Pickerington weighs online classes for crowded schools
Pickerington junior high students could take some classes online all next school year, but not to curb COVID-19.
- The goal is now to prevent overcrowding — the suburban district lacks space to accommodate a burgeoning student population, officials said at a recent school board meeting.
Why it matters: Though polarizing, online classes were normalized during the pandemic. Now schools are becoming more likely to pivot to virtual learning for other reasons.
- Columbus shifted online for a few days in August due to sweltering temperatures in buildings without air conditioning.
- Several other districts also went online temporarily to address staffing shortages.
The latest: A study anticipates a 32% increase in enrollment at Pickerington's two junior highs over eight years, but the buildings are already near capacity.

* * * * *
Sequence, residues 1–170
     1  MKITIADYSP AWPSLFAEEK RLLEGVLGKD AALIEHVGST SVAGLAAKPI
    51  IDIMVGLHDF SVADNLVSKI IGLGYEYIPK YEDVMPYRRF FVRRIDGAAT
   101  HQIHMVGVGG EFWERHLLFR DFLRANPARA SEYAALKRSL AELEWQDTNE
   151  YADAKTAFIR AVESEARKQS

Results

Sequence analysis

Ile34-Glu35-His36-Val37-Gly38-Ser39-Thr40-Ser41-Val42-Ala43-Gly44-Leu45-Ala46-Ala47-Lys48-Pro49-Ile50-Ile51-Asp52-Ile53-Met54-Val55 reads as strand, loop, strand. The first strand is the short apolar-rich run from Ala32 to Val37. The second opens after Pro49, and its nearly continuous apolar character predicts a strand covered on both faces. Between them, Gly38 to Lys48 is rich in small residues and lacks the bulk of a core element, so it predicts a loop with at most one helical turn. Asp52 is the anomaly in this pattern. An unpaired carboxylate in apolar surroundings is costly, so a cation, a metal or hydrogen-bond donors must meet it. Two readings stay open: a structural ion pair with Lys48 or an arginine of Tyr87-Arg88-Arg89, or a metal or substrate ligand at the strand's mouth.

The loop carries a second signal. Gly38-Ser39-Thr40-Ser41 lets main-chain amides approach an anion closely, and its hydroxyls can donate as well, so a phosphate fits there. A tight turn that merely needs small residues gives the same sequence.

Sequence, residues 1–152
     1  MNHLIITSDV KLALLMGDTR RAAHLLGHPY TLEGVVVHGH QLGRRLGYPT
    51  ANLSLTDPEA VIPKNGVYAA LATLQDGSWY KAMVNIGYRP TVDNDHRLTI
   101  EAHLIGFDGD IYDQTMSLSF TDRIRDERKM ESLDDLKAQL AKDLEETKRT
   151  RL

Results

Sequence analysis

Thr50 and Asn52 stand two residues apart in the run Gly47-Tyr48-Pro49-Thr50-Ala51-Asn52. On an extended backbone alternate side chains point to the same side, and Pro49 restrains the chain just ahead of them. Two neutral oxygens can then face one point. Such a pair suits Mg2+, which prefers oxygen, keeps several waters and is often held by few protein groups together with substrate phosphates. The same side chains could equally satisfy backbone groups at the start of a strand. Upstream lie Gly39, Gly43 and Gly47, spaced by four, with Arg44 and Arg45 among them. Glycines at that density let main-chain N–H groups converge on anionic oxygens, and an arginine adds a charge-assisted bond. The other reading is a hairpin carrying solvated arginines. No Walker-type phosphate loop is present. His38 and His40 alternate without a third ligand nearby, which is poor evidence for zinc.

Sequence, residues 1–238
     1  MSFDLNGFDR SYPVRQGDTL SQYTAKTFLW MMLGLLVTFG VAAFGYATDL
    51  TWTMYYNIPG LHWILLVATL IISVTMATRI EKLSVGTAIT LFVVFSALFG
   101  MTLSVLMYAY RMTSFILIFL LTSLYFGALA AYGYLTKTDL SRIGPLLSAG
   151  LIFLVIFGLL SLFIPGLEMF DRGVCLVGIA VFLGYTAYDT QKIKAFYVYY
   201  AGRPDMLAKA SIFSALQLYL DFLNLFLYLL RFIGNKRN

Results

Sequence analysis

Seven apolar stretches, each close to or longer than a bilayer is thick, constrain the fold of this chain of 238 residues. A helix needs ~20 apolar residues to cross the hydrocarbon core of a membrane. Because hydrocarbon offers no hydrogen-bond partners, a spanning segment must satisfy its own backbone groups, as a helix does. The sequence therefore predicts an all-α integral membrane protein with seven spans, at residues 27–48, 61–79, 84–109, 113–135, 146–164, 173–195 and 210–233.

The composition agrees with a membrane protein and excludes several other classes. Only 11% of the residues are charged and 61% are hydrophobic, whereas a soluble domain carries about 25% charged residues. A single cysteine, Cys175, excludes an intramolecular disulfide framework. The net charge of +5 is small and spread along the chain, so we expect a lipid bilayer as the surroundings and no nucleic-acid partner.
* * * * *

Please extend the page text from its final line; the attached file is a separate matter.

- The schools would be on a hybrid schedule under the district's proposal, with students divided into cohorts attending in-person and online classes on specific days.
Flashback: Pickerington voters rejected tax increases to build a new junior high school in 2020 and 2021.
- Some unhappy parents feel they're being punished into voting for tax increases, per ThisWeek News.
What's next: A schedule discussion is happening tonight and a decision is expected this month.
- Board members also began the process last week to place another bond issue on November's ballot.
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